Resort lifts currently top out with Ellis Chair (a cat-ski program can take you higher), and that’s where glimpses of the shimmering lake begin. Go south on Noonchester Traverse to play peek-a-boo with lake views that finally burst into full view at the top of Hidden Vein and The Shoulder runs. Or go east from Ellis on the Rainbow Ridge run until you hit a viewshed hotspot where Shaft, Cradle and Chute runs all intersect. Nearby is the site of the current Big Blue View Bar, which lives up to its name by providing food service, brews and views. (These temporary facilities are slated for a major upgrade soon.)
The two best vistas are scored at The Face run just above the North Lodge, and the Double Trouble run above the South Lodge site. Zooming down both of these runs will make skiers or riders almost feel like they’re pilots attempting to land float planes right on the lake. The South Lodge, by the way, is the one that burned down in December. Some services are still present on the site, such as the children’s instruction program, but you’ll need to buy lift tickets at the North Lodge. Don’t be too concerned; fire just adds incentive for the owners to launch their $400 million redevelopment of this resort in spring.
Heading north toward Truckee on Highway 89, tucked into a valley of its own, one discovers a resort once marketed as “the locals’ favorite,” because of a laid-back attitude and its high bowls as well as varied and intricate topography. Though Alpine’s closest peak to Lake Tahoe is more than 4 miles away, its aptly named Lakeview Chair takes you to a ridge that affords a sprawling vista. (You’ll need to take Roundhouse and Scott lifts first to get to the base of Lakeview.)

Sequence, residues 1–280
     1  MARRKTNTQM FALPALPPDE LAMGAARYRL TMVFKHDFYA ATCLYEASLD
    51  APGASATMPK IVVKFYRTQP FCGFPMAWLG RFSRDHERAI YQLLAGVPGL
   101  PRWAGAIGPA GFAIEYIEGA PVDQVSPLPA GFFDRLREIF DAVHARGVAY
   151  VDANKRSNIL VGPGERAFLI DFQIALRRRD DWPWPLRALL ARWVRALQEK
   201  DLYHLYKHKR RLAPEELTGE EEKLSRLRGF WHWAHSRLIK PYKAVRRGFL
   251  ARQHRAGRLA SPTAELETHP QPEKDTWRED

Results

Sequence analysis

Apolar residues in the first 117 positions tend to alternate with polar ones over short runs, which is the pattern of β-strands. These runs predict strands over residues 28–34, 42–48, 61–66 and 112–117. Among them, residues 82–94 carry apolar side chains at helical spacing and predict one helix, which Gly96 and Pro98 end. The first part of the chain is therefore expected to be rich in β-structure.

Experts can hunt down other views by riding the Summit Six chair up the ridge between Alpine and Wolverine bowls. Bear left and either herringbone up Ward Peak or drop into Alpine Bowl and bear east, wrapping around the 8,637-foot summit for a high traverse into Sherwood Bowl. Below that traverse, on the shoulder of Ward, enjoy the perspective from Lower Saddle and Our Father runs. The lowest perspective is Ray’s Rut traverse.
Alpine’s nearby sister resort, just a mile further from the lake, can also provide some terrific views that include Tahoe. Get to one of them, the 7,550-foot summit of Snow King, via either the Red Dog or Squaw Creek lifts. An expert vantage point is won by a traverse around the south side of the 8,200-foot summit of KT-22. The Headwall run below Squaw Peak awards views for practically its entire length. Wider panoramas are scored along the rim of Siberia Bowl, ranging from Emigrant (8,700 feet) to Squaw Peak (8,900 feet). Furthest north, the summit of Granite Chief (9,010) not only presents lake views to the east, but on the clearest days it is claimed that the westward views can extend as far as distant Mount Diablo.